was not allowed to request any funding for service increases.
Interagency Strategy 2: Mental health advocates were able to use the information and
program outcome data noted in a legislative report published by the two agencies 'The
Status and Evaluation of the Coordinated Employability Projects' to demonstrate to the
legislature the success of the projects in improving the employment of people with
serious mental illness. This report, which is a pdf file, can be found at
Advocates were successful in obtaining a new ongoing state appropriation for the projects
in the amount of $500,000 per year during this past legislative session. Advocates and the
providers they organized to lobby used this information in a grassroots campaign that
successfully obtained increased funding ($500,000 per year ongoing) for the projects
from the Minnesota legislature.
Challenge 2: Local mental health initiatives want to use new flexible mental health
funding to assist consumers to become self-employed. There is, however, an inherent
conflict in having social service agencies assume a "banker" role with public funds and in
acquiring the skills to evaluate the viability of business plans. Although the rehabilitation
services agency has a mandate to assist consumers with self-employment plans,
rehabilitation counselors consistently report that they have neither the time nor expertise
to assist consumers directly with business plan development and financing strategies nor
a place to refer consumers for the assistance they need.
Interagency Strategy: Given the considerable failure rate for business start-ups in our
country, mental health and rehabilitation services agencies contracted with Partnership
Development Corp. to provide technical assistance on Consumer-self-employment to our
agencies. Partnership Development Corporation recently conducted a resource inventory
of the banking and business development agencies in our large 7 county metro area and
have developed recommendations (now under consideration) for how the public systems
could partner with other community resources to better meet consumers self-employment
Challenge: The need for more employment resources for the urban metro area, minority
populations and several large rural geographic pockets still exists, as well as the need to
expand capacity building in ongoing supported employment projects. Also, our mental
health system is in the process of implementing the Medical Assistance Rehabilitation
Option and targeting "best-practices" which will result in considerable changes in mental
health service delivery-including a reduction in traditional day treatment services.
Interagency Strategy: Rehabilitation services in conjunction with mental health in a
recent new "best practices" RFP process targeted the areas most in need for new services
by giving priority to the urban metropolitan area, services to immigrants, rural unserved
areas, supported education and conversion of day treatment programs to supported
employment. Funded were: two rural projects including one that will incorporate a
supported education component in conjunction with 2 universities, one urban model that
will convert a day treatment program to supported employment for people who are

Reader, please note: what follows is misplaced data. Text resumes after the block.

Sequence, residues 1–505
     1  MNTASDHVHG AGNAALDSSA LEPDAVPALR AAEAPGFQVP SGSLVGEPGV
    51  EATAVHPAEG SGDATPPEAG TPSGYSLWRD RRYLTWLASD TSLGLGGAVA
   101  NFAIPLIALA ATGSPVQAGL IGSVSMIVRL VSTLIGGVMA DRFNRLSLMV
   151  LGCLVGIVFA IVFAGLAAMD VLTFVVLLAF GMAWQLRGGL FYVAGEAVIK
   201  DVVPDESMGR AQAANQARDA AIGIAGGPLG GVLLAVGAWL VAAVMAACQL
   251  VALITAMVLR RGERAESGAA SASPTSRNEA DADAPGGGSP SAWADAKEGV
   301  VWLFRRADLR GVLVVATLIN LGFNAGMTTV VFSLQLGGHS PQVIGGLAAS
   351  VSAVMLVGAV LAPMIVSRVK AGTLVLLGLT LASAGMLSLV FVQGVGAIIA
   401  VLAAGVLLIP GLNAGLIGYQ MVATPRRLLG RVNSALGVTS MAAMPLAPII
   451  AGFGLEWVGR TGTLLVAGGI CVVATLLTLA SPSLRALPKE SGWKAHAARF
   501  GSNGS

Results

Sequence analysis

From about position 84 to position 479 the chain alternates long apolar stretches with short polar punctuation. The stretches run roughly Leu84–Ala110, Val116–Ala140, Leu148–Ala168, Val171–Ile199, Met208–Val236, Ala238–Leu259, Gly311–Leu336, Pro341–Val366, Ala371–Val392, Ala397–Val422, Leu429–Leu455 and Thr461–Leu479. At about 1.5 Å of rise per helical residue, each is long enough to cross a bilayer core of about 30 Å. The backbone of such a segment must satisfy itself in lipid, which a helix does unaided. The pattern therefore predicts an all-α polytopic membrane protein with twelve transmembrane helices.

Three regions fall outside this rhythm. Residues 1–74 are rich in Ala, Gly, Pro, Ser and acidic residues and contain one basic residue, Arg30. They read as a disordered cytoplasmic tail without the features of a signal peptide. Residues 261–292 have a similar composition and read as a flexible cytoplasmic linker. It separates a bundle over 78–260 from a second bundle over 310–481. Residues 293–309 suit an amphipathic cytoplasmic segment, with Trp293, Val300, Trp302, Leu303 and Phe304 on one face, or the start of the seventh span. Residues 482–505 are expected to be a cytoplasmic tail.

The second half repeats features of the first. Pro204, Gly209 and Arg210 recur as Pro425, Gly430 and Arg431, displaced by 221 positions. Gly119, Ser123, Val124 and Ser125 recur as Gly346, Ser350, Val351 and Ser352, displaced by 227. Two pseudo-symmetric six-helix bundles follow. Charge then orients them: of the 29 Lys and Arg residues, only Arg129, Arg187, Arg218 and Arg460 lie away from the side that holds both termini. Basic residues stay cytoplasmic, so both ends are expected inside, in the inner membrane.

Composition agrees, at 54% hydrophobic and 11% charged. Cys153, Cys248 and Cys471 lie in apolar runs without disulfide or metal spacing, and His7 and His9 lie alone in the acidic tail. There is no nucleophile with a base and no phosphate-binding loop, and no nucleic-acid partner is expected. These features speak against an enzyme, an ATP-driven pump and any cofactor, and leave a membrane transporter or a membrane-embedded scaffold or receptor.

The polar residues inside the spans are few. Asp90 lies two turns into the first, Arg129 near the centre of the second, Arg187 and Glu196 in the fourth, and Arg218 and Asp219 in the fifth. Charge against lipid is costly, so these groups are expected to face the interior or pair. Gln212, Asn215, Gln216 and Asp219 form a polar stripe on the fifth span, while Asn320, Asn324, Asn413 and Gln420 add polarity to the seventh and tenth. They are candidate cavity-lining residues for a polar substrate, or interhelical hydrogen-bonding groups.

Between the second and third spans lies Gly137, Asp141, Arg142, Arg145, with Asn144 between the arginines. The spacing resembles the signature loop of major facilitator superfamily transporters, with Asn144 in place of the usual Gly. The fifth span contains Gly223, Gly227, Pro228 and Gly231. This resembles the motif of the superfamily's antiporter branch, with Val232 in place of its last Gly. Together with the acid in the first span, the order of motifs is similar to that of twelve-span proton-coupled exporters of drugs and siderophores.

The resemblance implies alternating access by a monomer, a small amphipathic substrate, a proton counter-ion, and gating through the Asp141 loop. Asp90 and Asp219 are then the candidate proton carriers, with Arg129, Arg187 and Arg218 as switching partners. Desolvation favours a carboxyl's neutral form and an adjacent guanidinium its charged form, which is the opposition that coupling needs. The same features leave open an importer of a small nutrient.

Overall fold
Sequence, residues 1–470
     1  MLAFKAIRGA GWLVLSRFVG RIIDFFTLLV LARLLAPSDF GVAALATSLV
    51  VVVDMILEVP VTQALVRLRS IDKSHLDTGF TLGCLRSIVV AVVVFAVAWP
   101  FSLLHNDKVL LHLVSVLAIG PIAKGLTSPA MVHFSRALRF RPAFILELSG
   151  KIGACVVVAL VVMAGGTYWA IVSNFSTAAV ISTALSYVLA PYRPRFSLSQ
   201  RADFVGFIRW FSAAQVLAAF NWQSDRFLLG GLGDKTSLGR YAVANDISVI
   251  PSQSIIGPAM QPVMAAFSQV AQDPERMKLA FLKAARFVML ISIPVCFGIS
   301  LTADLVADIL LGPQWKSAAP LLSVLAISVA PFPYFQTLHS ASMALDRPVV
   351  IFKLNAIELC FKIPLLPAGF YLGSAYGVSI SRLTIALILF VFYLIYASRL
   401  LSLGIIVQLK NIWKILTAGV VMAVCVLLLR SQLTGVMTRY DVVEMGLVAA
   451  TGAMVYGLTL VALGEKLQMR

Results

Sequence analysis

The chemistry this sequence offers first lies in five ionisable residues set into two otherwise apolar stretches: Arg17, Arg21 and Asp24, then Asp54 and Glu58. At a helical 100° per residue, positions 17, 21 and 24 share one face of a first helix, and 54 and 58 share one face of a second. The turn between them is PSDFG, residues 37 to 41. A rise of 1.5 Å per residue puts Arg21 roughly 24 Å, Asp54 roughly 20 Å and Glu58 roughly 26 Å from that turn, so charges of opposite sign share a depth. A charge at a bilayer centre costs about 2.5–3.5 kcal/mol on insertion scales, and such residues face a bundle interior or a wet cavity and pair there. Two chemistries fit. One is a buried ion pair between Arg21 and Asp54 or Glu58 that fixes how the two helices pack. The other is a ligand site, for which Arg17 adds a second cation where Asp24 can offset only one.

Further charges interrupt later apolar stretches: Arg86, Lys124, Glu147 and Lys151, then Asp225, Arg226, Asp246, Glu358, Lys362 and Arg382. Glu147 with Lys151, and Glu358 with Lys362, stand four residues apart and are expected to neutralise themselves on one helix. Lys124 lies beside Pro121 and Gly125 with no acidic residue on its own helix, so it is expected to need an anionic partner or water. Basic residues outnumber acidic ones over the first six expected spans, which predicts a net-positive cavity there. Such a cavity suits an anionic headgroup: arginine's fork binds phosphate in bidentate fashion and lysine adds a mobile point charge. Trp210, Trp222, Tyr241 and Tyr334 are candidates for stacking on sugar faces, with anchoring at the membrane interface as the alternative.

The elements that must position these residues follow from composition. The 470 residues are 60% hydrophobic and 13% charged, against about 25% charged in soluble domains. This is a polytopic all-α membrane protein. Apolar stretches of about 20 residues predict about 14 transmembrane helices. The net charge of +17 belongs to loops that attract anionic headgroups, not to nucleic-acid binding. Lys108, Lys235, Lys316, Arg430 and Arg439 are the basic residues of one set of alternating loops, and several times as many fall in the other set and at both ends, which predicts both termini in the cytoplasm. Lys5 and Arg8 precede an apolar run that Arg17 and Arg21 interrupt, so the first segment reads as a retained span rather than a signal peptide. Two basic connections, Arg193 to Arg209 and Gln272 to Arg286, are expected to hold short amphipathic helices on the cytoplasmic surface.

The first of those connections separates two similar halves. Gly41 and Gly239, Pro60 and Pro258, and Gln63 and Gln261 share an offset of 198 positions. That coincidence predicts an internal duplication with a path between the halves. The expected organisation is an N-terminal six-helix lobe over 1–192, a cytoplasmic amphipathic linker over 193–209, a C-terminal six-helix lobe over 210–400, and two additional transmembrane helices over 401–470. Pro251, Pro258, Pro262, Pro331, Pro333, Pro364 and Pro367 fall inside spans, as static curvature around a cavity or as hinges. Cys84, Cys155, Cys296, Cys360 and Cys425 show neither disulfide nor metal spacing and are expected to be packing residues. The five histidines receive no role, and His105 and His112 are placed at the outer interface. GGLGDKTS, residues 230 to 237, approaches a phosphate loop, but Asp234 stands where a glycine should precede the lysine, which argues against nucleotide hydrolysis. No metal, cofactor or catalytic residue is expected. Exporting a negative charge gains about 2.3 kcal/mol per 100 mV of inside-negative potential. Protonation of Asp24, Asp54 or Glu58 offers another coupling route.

southeast Asian and another urban project that will incorporate vocational services with
intensive community case management teams in 2 counties.
Challenge: The Coordinated Employability Projects appeared to be an effective strategy
for improving employment for people with serious mental illness, but comparative
statewide data was lacking. This lack of outcome measurements to document the
effectiveness of employment programs for people with serious mental illness is an
impediment to securing funding for expansion.
Interagency Strategy: In conjunction with providers of these services, the two state
agencies developed and implemented a state-of-the-art statewide longitudinal electronic
provider reporting system for the Coordinated Employability Projects. From 1999-2000,
13 providers reported demographic, specific employment and job retention support
information on 542 program participants receiving supported employment. The report
also documented a lack of statewide coverage of the services. Data from this reporting
system was compiled by program staff and submitted to the Minnesota Legislature in
December of 2000. Highlights from this report (This is an adobe pdf file. It can be found
at http://www.mnworkforcecenter.org/rehab/ee/reports/spmi2000.pdf) include:
The combined earnings of program participants totaled over $2.5 million in
Most program participants earned well over the federal minimum wage, with
average wages of $6.98/hour.
Most program participants worked part-time, with an average number of hours
worked per week of 14.
The average number of support service hours provided to participants was 1.52
hours per week with a range of .05-14.69.
Less than 2% of job terminations were attributed to psychiatric hospitalization. In
16% of job terminations the worker left a job to accept a different job with the
same employer and in most cases this was a job upgrade.
Consistent with a philosophy of helping program participants to upgrade their
employment (career ladders), the average number of jobs held by participants
over a two-year period was 2.4. The average length of time people had been
employed was 31 weeks.
Many individuals are accessing employment in service and clerical occupations
(63%) which are most readily available to people who have had interrupted work
More than 50% of the support service hours provided to participants were
provided to individuals on their job sites. The most frequent category of services
was on-site job coaching (57%), followed by supportive counseling provided off-
site at 20%.
Sandie Z. Brown is a Mental Health Program Consultant in the Minnesota Department
of Mental Health.
Claire T. Courtney is a Rehabilitation Specialist for Mental Health with the
Rehabilitation Services of the Minnesota Department of Economic Security.
Butterworth, J., Foley, S., & Metzel, D. December 2001. Developing interagency
agreements: Four questions to consider. Boston: Institute for Community Inclusion,
University of Massachusetts.